We passed pubs, convenience stores, meat shops, tatoo parlours, head shops, art design studios, Indian restaurants, coffee shops, cheese shops, more convenience stores, parkettes, a shop that sells whey products, and a gas station. Streetcars passed us headed the other way, filling with passengers even on a Saturday. The 501 line is said to be the longest streetcar ride in North America. Starting at Long Branch, in the far west end of Toronto, you can ride it all the way to the Beach area in the east end, or vice versa. It carries passengers of all ancestral nationalities, many of them conversing in languages other than English or French. All now Canadian, not in the American “melting pot” way, but in the Canadian “cultural mosaic” way.

I got off at my stop and walked the rest of the way to Guy’s place along a narrow, tree-lined street, each house a little different from its neighbour. Some old, some renovated, some newly replaced — most of them two storeys on narrow, deep lots. Cars, mostly compact models, parked on the street. An older neighbourhood, getting more than a whiff of upscaling in the hot Toronto real-estate market.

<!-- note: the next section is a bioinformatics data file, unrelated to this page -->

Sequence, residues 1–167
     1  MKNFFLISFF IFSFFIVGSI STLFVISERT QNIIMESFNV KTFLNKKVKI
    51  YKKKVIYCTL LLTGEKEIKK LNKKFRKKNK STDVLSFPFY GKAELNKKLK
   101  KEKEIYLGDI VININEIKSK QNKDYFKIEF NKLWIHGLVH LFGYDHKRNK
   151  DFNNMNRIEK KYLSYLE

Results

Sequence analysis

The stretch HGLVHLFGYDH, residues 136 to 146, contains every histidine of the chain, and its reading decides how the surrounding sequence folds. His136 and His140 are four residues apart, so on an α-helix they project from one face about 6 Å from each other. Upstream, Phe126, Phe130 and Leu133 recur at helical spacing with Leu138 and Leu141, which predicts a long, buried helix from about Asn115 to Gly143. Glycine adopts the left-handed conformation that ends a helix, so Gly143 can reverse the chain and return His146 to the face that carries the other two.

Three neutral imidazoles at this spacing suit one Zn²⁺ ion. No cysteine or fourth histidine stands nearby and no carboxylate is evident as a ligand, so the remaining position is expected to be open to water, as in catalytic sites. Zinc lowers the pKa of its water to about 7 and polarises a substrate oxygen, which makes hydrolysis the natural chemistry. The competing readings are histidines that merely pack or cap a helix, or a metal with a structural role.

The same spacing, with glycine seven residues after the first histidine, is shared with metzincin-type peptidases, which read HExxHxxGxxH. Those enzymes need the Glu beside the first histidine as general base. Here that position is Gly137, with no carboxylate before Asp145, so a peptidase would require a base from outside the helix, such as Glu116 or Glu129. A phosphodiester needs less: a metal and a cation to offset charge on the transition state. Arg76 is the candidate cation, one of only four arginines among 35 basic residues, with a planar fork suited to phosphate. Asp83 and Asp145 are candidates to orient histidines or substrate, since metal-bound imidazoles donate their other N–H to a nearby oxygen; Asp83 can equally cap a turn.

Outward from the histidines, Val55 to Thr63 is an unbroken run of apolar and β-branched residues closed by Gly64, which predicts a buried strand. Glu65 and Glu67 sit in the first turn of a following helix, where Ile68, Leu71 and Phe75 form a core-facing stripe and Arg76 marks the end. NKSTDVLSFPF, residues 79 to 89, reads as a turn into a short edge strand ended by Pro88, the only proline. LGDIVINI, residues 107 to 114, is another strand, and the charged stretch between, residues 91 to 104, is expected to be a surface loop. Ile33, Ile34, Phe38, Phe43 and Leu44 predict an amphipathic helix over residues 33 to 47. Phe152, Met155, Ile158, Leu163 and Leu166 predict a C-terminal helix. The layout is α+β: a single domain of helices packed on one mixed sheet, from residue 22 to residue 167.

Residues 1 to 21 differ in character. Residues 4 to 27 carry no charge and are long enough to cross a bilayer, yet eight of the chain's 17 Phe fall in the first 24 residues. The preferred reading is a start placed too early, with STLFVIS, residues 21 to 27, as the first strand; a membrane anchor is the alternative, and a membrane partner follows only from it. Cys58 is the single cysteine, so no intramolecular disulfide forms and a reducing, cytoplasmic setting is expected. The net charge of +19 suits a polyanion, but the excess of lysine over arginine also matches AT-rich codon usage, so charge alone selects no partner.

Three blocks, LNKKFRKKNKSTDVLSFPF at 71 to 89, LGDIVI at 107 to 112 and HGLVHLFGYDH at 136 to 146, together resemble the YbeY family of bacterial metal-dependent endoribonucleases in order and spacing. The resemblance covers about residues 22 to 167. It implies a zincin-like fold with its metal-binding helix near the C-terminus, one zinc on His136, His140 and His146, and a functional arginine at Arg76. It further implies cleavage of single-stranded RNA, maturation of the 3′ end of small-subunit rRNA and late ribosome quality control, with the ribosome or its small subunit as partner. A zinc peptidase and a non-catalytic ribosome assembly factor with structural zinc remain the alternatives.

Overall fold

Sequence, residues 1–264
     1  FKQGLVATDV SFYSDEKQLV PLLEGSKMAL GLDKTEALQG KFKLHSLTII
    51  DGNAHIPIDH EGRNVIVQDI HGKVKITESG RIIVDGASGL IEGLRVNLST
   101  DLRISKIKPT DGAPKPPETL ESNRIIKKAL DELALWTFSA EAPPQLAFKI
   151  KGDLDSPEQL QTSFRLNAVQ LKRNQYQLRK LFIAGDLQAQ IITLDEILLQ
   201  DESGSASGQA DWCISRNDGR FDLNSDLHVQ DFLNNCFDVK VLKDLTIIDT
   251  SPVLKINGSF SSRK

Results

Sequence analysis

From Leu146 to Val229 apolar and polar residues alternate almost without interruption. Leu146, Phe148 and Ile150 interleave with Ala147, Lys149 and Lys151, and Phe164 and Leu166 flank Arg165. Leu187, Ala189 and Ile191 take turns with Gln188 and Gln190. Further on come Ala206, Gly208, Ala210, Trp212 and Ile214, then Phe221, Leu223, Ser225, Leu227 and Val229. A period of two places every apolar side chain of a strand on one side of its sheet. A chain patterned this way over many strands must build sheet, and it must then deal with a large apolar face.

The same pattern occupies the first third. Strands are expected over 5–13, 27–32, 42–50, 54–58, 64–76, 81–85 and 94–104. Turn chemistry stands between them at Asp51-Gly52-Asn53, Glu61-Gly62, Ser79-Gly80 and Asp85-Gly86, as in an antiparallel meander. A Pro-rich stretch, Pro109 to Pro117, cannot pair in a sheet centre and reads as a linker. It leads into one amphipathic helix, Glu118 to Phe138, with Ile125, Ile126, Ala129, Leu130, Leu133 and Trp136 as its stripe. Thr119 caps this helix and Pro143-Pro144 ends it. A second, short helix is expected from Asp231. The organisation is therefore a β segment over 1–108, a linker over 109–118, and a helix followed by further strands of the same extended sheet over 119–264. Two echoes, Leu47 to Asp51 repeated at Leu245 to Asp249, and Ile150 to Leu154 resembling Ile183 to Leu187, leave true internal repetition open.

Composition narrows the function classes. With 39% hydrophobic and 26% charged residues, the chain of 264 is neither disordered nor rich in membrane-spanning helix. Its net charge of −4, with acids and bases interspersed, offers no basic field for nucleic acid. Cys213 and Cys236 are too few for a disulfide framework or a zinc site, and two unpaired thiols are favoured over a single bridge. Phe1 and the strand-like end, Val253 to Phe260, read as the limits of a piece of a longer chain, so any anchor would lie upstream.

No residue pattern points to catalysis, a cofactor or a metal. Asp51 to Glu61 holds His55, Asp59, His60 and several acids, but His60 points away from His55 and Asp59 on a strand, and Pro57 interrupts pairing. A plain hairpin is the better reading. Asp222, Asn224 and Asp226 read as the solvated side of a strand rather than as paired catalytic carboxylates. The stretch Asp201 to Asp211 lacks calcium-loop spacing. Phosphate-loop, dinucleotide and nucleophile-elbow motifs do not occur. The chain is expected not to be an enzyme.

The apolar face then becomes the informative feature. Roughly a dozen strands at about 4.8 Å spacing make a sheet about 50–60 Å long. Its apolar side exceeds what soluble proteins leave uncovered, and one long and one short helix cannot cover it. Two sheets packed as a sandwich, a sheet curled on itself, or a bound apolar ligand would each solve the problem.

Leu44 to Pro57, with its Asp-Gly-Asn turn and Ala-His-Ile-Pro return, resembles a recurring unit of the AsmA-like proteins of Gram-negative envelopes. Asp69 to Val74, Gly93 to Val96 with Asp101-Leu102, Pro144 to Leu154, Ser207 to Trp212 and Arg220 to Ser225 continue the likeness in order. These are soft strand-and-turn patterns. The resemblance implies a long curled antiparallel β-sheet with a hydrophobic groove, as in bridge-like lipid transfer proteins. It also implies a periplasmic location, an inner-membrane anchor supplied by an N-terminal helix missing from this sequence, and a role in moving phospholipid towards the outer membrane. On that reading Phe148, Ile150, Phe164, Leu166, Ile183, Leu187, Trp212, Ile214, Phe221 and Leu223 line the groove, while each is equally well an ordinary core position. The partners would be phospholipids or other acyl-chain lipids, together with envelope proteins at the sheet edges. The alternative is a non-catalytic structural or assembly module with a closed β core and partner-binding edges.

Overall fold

Guy greeted me at the door, made us a pot of coffee, and we settled in for an afternoon of listening, at significantly loud volume. We both have eclectic tastes, so we started with some Grateful Dead standards, then followed the Dead on an experimental journey through “Playin’ in the Band” which probed the edges of rock music. From there we cut over to Art Pepper and grooved to some “California Jazz.” Since we both like music that is a little unusual, we finished off with the Diga Rhythm Band, a band that included Mickey Hart of the Grateful Dead. An excellent afternoon of music, conversation ranging from Old English to current politics, and the consumption of many cups of coffee.

Then the reverse trip home, streetcar to city centre as dusk fell over the city and the lights of the city switched on. Toronto — beautiful in the twilight. Back to Union Station and the GO-train ride home where Marion greeted me with a kiss and a bowl of hot veggie chili.

Mick Jagger had it wrong. Sometimes you can get satisfaction.